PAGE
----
The UK’s biggest supermarket chains have come together to call for government action “to prevent significant disruption” to Northern Ireland’s food supply chains due to new customs regulations under the Brexit deal.

The CEOs of Asda, Iceland, Marks & Spencer, Sainsbury’s, Tesco and Co-op said that “urgent intervention” was needed to address the current situation before new procedures are enforced when the “grace period” for simplified trade controls expires on March 31.

In a letter to the chancellor of the Duchy of Lancaster, Michael Gove, on Tuesday, the supermarket chiefs said: “The current proposals, increased bureaucracy and increased certification in such a short timescale, are unworkable.”

CEOs of ASDA, Tesco, M&S, Sainsbury’s, Iceland and Coop have told the government there will be “significant disruption” to food supplies in Northern Ireland unless it urgently renegotiates the customs rules for Irish Sea agreed with the EU. Full letter (sent yesterday) is here:

Shortages of fresh fruit, vegetables and meat have been witnessed by customers in some supermarkets in Northern Ireland this week due to additional red tape imposed by the UK’s post-Brexit trade deal with the EU.

Under the Northern Ireland Protocol, which took effect on January 1, businesses sending goods from England, Scotland and Wales to the region must comply with new regulations due to a customs border in the Irish Sea.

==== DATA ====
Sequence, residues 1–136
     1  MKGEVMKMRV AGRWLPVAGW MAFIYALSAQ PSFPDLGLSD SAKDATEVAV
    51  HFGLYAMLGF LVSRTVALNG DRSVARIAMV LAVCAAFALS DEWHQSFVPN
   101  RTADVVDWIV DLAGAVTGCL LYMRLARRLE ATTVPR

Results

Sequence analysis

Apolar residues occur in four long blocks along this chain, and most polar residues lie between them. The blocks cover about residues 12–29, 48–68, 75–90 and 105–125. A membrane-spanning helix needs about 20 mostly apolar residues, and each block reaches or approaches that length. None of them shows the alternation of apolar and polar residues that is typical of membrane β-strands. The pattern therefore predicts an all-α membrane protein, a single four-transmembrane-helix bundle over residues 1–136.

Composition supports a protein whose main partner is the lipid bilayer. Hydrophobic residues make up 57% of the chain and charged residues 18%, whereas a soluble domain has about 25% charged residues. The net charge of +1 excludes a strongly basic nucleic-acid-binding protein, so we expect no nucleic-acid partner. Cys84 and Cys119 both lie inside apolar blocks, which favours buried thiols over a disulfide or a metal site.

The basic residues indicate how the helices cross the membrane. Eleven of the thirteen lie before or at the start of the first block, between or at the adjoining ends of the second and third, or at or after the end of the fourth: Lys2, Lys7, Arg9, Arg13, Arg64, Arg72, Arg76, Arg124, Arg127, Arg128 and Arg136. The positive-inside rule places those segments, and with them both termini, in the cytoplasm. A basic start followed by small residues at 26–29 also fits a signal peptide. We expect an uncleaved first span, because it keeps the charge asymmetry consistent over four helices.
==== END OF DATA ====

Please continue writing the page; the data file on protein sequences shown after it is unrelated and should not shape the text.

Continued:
This allows Northern Ireland to remain in the EU’s single market for goods, but means there are specific rules for British traders moving goods into the region, such as applying for export health certificates from official vets for animal products.

On Wednesday, MPs in the UK Parliament asked Gove about the potential food shortages and price rises faced by those in Northern Ireland, to which he responded by claiming that some of the problems have already been addressed.

“We will make it clear to the European Commission what the consequences would be if supermarkets are not in a position [after March 31] to carry on with the service they provide to Northern Ireland consumers,” he said.

Gove also cited the head of the British Retail Consortium, Andrew Opie, who also signed the joint letter and who said that food supply chains were operating “as normal,” according to Gove.

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